Monday 20 May 2013

We’ve perfected the art of circular talking!

I’m over in England for a few days, so my mum and I are heading to Delisserie for some lunch. Calling itself a ‘New York Deli’, both the majority of its clientele and the food on offer are Jewish.

Even though my family could not be more English, the fact that we are descended from a Mediterranean culture is never more evident than when we sit down to eat.

The Australian Aboriginals have mastered the art of circular breathing, enabling them to blow into their didgeridoos while at the same time inhaling through their noses.

Jewish people have mastered the art of circular talking, whereby we are able to simultaneously talk to several people at once, whilst assimilating and generally interfering in what several other different people are talking about at the same time.

In an inspired moment, my brother once declared that if the Adleys had a coat of arms, our family motto should be:  'Stop Talking While I’m Interrupting.'

The last time my mum and I went to Delisserie for lunch we’d rather foolishly waited until after 1 o’clock, and sure enough the place had been packed. Like all other Mediterranean cultures, Jewish people love taking their kids out with them; the more the better.

Trouble is, the generation now giving birth to babies were themselves raised by Baby Boomer parents with liberal ideas about boundaries and behaviour, as in no boundaries and who cares about behaviour? Without role models, these young parents now let their kids run amok, screaming and shouting and wailing as if their collective din had the audible quality of honey.

With the adults having to shout at each other so that they could be heard over their kids’ cacophony, I sat there feeling very far removed from my County Galway back garden. I’ve been to countless Ramones gigs and still cannot imagine a more intense and energetic noise than a full Jewish restaurant.
This time we arrive earlier, and lovely, there are only six or seven other people in.  We sit and pick up the menus, look at each other and smile. How can so few people make such an incredible noise? Do they design delis so that every word spoken is bounced around to maximise the latent Jewish atmosphere? Is screeching chatter the Jewish muzak of choice?

My mum reaches both hands to her head and announces she’s going to take off her hearing aids. I tell her I think that’s a stroke of pure genius. Placing the two tiny plastic gizmos on the table, she sits back and exhales with relief.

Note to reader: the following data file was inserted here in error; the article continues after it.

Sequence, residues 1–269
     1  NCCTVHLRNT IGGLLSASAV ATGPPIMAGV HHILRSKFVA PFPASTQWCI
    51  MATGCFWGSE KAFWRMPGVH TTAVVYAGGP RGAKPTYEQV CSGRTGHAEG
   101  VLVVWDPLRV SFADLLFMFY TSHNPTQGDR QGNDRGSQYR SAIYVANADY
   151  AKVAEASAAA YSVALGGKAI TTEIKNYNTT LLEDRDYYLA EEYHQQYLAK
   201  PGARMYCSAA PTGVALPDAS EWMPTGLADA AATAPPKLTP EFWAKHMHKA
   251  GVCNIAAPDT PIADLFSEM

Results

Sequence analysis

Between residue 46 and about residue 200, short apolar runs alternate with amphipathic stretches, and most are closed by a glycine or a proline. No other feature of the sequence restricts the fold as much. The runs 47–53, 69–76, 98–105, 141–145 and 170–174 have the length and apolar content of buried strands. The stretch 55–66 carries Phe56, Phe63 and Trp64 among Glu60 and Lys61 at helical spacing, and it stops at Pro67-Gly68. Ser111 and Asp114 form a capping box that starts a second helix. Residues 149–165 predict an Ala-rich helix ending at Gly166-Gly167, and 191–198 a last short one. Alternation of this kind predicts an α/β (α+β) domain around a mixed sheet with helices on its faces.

“Oh, that’s so much better!” she laughs.
“I wish I had hearing aids! I’m jealous of your deafness!”

We both laugh and somewhere at the back of my mind I acknowledge the birth of a Jewish joke. Good humour is filled with truth and tragedy, and the success of a Jewish joke also relies on our ability to mock ourselves. A classic example is set in a restaurant, where five Jewish ladies are having a meal. The waiter walks over and asks
“Pardon me ladies. How’s the food? Is anything alright?”

Now I’m looking at the menu and my stomach is starting to rumble. When I was younger I never thought about being Jewish, because I was surrounded and immersed in the culture, but ever since leaving London I’ve felt very aware of my roots, and the fact that I’m a life-long atheist-pantheist mutant in no way compromises my Jewish identity.

Living in Bradford I was the Jewish guy surrounded by the largest population of Pakistanis outside of Pakistan. During the first Gulf War we’d talk in corner shops, the Jew and the Muslim, debating in a friendly way the rights and wrongs of the tragedy that is the Middle East.

Even though there are roughly only 300,000 Jewish people in the UK, forming a mere 0.5% of the population, their impact on everyday life and culture is respected and acknowledged.

It wasn’t until I moved here to the west of Ireland that I suddenly felt really Jewish, simply because here we make up a mere 0.04% of the population.

Naturally, the first thing you miss about the culture you’ve left behind is the food. So will I have the salt beef on rye? Will it be that heaped pile of steaming scarlet heaven wedged between seeded smoky white rye slices, mustardy and fresh? Will I go for the aromatic chopped liver and matzos or the viennas with würst and scrambled egg? No, it has to be that ultimate Jewish staple: chicken soup with kneidl (dumplings) and lokshen (noodles).


Later I’m dispatched to Yossi’s deli and bakery, armed with a list of things mum wants. The lass serving me keeps looking back at me between each order.
She’s not used to being treated so politely, but I’m influenced by two decades of living in Ireland.

“A quarter of best salmon! Perfect! 8 mixed danish. Thanks a million! One smoked salmon cream cheese bagel and one chopped herring bagel. Lovely, thanks!”

Each side of me her regular customers grunt orders:

“No, not that one, the big one at the back! Is that fresh? When did you make it? A week ago?”

and being barked back at

“Of course it’s fresh. What you think I am? If you don’t think I sell fresh why you come back each week!”

Whilst on the subject of good service, I need to send a huge thank you to Francesca at the Grim’s Dyke Hotel, and to the barman who saved and returned my pink folder. Also thanks to Mr Butler, for driving my mum and her friends Betty and Geoff! I know you buy the Connacht Tribune in London, so thanks for reading my blather each week!

We’ll finish this week with what I consider to be the quintessential Jewish joke:
How many Jewish mothers does it take to change a lightbulb?
“Don’t worry about me. I’ll just sit in the dark and die alone!”

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